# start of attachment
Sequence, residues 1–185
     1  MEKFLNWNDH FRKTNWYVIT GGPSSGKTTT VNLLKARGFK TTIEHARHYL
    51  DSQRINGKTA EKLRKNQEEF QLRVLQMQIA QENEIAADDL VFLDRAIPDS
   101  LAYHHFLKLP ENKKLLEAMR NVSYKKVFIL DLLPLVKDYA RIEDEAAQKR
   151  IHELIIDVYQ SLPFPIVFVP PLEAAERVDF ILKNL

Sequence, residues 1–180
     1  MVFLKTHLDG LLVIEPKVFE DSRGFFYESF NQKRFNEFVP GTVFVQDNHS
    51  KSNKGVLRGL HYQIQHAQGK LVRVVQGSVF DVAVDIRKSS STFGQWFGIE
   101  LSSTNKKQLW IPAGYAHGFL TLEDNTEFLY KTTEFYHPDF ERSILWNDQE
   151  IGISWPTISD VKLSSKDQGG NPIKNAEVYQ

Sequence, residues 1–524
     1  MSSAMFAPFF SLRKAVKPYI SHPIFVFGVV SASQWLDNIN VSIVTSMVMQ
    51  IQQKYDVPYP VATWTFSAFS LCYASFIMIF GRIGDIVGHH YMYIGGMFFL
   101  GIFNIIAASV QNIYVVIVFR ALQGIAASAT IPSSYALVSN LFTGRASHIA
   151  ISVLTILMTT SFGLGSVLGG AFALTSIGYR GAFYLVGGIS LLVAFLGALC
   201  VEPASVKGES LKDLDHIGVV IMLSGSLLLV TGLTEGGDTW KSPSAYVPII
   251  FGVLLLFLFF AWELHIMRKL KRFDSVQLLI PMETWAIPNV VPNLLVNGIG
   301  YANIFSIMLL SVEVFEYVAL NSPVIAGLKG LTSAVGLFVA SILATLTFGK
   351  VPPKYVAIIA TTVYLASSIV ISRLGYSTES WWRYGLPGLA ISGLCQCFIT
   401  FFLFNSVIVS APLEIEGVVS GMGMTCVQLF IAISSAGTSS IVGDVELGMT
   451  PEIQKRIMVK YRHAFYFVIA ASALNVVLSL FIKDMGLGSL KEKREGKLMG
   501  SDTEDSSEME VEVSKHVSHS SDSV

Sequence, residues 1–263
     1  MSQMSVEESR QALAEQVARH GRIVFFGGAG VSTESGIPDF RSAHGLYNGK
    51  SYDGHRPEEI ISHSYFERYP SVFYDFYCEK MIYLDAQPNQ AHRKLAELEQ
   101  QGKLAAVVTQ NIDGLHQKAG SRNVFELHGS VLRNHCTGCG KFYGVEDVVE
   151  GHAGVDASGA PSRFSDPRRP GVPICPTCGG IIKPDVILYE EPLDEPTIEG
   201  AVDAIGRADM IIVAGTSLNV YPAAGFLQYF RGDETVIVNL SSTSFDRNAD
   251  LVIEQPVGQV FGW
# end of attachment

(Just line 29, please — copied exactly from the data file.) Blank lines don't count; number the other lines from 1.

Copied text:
   251  LVIEQPVGQV FGW